The story is titled "Half of Traffic Fatalities Are Not in Cars" can be found at
The story says that:
One of the more surprising discoveries was the toll on pedestrians, bicyclists and motorcycle riders crowding the roads in developing countries, who accounted for 46 percent of all traffic deaths.
The report, according to the story, tells about how much more civilized we are here in the U.S.:
In the United States, 51 percent of deaths involve car drivers, 21 percent are car passengers, 11 percent motorcyclists, 11 percent pedestrians and 2 percent bicyclists.  
The story concludes by noting that:
WHO is hosting a global conference on road safety in Moscow in November. [Etienne G.G. Krug, a physician at WHO in Geneva who led the project] said he hopes the data will be updated periodically in the future in the form of national report cards on traffic safety.
Perhaps the dream of "Traffic Justice" that many of us envisioned at the start of the 2006 ProWalk/ProBike Conference will come closer to reality in Moscow this November.
John Gideon
Consider Biking
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MWCOG: Priorities for a Growing Region

Biking in Maryland...
While traffic is a leading irritant, it is not where the public would place the most effort over the long-term.

In one of the study’s more challenging findings, residents do not place great emphasis on solving the region’s transportation problems. By a large margin, traffic and transportation are listed as the top “long-term issue or challenge facing the Washington region.” The concern is particularly acute in parts of Northern Virginia. But when asked how much of a priority they would place on transportation if they were making decisions for the region, citizens rank transportation ninth out of a list of sixteen broad items tested – in other words in the middle of the pack. With this finding, residents are not saying “do not solve it,” but they are identifying a number of other pressing priorities that need greater attention in their view.
The second leading priority for the long term is producing safe streets and neighborhoods. On safety as well as education there are strong differences in performance among jurisdictions, but near total consensus that public safety is a high priority.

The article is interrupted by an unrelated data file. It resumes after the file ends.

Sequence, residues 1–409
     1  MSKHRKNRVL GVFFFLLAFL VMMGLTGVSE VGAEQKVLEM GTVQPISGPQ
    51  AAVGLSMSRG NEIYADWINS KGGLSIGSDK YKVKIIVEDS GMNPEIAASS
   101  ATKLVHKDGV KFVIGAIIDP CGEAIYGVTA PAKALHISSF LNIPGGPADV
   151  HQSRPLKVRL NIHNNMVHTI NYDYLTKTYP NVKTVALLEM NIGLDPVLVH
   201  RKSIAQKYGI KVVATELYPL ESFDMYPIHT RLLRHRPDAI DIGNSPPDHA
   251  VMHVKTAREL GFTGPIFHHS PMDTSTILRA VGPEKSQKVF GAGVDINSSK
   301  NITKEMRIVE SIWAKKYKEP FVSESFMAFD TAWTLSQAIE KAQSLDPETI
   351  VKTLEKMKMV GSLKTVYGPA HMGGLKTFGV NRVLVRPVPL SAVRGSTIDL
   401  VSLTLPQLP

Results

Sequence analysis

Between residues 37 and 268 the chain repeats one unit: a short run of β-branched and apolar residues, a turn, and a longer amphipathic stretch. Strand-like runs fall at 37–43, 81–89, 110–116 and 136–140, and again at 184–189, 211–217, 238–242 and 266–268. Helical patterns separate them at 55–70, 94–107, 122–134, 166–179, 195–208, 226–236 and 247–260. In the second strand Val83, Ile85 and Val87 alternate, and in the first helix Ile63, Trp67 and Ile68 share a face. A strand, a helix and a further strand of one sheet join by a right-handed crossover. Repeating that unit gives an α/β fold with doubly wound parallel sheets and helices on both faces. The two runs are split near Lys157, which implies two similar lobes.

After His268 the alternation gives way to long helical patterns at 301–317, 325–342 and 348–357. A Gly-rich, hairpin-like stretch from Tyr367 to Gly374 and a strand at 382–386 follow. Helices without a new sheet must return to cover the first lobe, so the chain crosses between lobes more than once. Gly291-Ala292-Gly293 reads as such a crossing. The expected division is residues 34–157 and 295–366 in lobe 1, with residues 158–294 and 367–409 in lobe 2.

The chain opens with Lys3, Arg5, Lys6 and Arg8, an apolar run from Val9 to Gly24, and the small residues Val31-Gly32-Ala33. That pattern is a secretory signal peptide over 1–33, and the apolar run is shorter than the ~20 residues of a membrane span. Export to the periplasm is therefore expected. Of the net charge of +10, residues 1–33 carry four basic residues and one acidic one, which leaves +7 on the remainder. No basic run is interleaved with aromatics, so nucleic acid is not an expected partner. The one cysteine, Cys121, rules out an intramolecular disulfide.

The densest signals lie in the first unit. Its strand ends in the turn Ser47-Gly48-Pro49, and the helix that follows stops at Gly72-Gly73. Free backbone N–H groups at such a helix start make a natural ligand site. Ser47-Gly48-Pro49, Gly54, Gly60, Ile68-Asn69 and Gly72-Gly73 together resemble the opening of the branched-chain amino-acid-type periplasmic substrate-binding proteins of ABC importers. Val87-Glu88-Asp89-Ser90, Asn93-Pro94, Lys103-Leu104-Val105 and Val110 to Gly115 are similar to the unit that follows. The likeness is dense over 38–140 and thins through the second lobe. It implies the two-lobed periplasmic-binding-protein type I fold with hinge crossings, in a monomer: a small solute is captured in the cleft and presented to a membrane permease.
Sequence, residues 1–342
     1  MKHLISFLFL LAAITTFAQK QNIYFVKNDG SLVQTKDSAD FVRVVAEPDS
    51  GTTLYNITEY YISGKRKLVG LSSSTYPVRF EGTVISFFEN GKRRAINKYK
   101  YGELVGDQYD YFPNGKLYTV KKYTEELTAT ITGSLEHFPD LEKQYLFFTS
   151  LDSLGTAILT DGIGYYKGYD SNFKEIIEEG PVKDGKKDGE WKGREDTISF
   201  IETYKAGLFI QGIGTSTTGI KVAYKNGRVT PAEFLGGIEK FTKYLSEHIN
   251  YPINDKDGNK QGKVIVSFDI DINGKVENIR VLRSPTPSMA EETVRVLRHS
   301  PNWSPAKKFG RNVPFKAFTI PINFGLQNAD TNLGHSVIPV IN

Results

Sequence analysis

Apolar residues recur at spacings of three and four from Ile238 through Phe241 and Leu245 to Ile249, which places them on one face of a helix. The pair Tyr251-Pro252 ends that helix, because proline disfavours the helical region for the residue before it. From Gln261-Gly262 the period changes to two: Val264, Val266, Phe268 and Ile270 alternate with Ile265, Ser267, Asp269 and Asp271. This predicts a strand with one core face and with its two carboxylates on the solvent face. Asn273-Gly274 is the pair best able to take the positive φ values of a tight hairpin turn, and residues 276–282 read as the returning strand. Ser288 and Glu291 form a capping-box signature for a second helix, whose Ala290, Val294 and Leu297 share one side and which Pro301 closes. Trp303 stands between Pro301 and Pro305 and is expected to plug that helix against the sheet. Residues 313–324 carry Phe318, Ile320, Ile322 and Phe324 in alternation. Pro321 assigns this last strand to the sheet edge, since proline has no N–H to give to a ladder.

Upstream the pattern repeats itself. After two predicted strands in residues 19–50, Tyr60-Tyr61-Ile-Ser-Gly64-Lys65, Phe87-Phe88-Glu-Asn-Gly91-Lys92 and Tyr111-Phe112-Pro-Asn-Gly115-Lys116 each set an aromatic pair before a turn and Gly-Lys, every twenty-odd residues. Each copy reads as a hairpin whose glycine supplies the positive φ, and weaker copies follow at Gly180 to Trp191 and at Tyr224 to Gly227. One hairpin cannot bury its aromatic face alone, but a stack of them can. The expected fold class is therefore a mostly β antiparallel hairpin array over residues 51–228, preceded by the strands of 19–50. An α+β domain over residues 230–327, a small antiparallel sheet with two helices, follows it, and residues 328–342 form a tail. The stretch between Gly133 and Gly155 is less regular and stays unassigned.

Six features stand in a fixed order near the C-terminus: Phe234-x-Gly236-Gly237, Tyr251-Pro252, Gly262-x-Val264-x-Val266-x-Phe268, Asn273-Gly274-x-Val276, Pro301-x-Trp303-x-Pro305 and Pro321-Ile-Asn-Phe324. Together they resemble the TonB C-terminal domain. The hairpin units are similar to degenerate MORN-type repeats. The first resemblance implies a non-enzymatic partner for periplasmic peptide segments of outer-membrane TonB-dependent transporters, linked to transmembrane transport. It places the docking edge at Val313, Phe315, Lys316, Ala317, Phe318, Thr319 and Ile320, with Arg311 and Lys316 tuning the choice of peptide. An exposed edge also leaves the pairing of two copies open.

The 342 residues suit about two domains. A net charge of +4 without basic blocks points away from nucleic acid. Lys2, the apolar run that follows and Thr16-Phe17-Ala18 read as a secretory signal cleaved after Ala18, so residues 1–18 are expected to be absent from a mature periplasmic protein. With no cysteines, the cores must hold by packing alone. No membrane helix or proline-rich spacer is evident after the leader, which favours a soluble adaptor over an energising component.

One’s commuting choice heavily impacts this number. Compared to the 54% overall number, only 38% of people who typically commute to work or school by driving alone mention transportation as a top regional challenge. The number is 50% among people who commute by mass transit, carpooling, or another means like walking or biking. Among those who do not commute regularly, the number jumps to 71%. Despite daily frustrations, commuters who drive alone are the least concerned about the region’s transportation challenges. [So why does the region over stress accommodating the SOV (Single Occupancy Vehicle?)]
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Citizen's Guide: Regional Transportation Planning

Biking in the Metro Area
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Plan B, B-cycle

Biking in BaltimoreTimes have changed and the automobile hasn't.
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Maryland-to-Maine: Cute Dog/OK Man Complete East Coast Greenway Adventure

Biking ElsewhereDan and Sadie McCrady (the latter a remarkable yellow Labrador) cycled the East Coast Greenway from Annapolis, MD to Portland, MD. See their daily blog/story and pictures at <a href=""></a>;
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And you thought you heard all the reasons why there should be no bike lanes

Biking Elsewhereimage
Leaders of South Williamsburg's Hasidic community said yesterday that bike lanes that bring scantily clad cyclists - especially sexy women - peddling through their neighborhood are definitely not kosher.

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Maryland should adopt the Idaho stop law.

  •  Strongly agree
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  •  Undecided
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The state should support what kind of bicycle facilities?

  •  Off-road bike trails
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  •  All of the above